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The "Crisis of Confidence" series is a multi-year effort by the Tri States Public Radio to document the impact the two-year state budget impasse had on Western Illinois University and the ongoing recovery efforts at WIU. State support for public higher education institutions has been steadily declining in Illinois for more than a decade. But the issue was compounded, during the state's historic two-year budget impasse during Fiscal Years '16 and '17 which left public colleges and universities with little state financial support. At Western Illinois University, that drastic cut in state appropriations resulted in significant budget cuts, employee furloughs, and layoffs.

Budget Director: Western Can Breathe Sigh of Relief

Rich Egger

Illinois lawmakers have passed bipartisan legislation to allocate $600-million to higher education. Governor Bruce Rauner is expected to sign the measure.

Under the deal, Western Illinois University would receive about $15-million worth of state appropriations and another $5-million in reimbursements for covering MAP grant funding for low-income students this school year.

“The campus should take a sigh of relief and take a deep breath. This is very good news for us. This gets us securely to August, but we will still likely to have to use auxiliary fund," said Western's Budget Director Matt Bierman.

The money will help the University operate through the summer while the legislature and governor work to pass budgets for fiscal years 2016 and 2017.

“It buys us some time and gives us some breathing room. This really can’t be the end because it really just kicks the can down the road for us on some of the things," said Bierman. "But, I don’t want to play this down. I want the campus to realize this is a great thing that happened.”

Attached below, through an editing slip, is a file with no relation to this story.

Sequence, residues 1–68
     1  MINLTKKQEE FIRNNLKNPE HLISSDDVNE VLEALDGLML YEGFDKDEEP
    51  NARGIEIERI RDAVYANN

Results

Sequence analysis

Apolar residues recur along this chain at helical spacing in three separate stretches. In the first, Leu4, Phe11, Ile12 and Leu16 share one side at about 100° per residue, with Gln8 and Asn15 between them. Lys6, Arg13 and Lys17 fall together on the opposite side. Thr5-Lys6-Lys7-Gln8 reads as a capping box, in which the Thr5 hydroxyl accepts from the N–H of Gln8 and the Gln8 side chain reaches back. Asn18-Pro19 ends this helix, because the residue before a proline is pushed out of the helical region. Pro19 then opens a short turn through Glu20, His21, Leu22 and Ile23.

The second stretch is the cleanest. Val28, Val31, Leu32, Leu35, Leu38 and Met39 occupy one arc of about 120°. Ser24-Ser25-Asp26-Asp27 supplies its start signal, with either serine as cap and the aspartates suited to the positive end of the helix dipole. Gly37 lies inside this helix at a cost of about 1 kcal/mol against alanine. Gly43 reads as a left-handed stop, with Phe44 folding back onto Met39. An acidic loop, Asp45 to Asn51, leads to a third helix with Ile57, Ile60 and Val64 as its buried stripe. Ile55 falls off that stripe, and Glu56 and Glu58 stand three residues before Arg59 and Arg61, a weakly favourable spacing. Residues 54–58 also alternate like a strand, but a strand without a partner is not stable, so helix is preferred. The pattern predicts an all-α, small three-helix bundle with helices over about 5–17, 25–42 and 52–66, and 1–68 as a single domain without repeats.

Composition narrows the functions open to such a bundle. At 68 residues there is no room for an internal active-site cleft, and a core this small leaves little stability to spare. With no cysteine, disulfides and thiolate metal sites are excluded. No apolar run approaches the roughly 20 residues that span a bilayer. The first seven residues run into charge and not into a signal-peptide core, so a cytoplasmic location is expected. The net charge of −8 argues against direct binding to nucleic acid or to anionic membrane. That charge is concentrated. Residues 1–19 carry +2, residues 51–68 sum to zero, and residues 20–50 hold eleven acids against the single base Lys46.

Western and the other public colleges and universities in Illinois have gone more than 9 months without state aid.  In that time, Western has spent it’s $23-million of reserve funds. Earlier this week the Board of Trustees approved the use of auxiliary funds as a last resort.

Western has also announced hefty cuts including elimination of some academic programs and faculty and staff layoffs, as well as the implementation of a furlough program. Western's Budget Director Matt Bierman said the state aid will not affect the 110 layoffs announced last week, but could help keep Western from having to make further reductions to personnel.

“Keep in mind any layoffs that we have announced, there’s less than a handful of those that have actually happened yet,” Bierman said. “So, we haven’t seen any savings from any of these layoffs we announce, they are in the future.”

Bierman said Western expected to receive about $48-million worth of state appropriations for the the 2016 fiscal year in addition to another $10-million in MAP funding.

This stop gap measure releases about $20-million which is a third of Western’s regular state appropriations. All the institutions received about a third of the normal state appropriations except for Chicago State University which received double that.

The financial breakdown by college of SB 2059

Bierman called the bill a true bipartisan effort. He said lawmakers have spent most of April trying to  reach agreement with budgeters meeting regularly to develop a compromise proposal.

He said Representative Norine Hammond (R-Macomb) was one of the budgeters negotiating on behalf of WIU and all of public higher education.

“She [Hammond] represented us well and I know she had to take some votes that she didn’t want to get it done and I know she wasn’t in love with this one because it doesn’t really get us what we need. But, it is a bridge to get us through summer.”

Bierman said the money will go toward paying for daily operations, salaries and student graduation ceremonies.

Emily Boyer is a former reporter at Tri States Public Radio.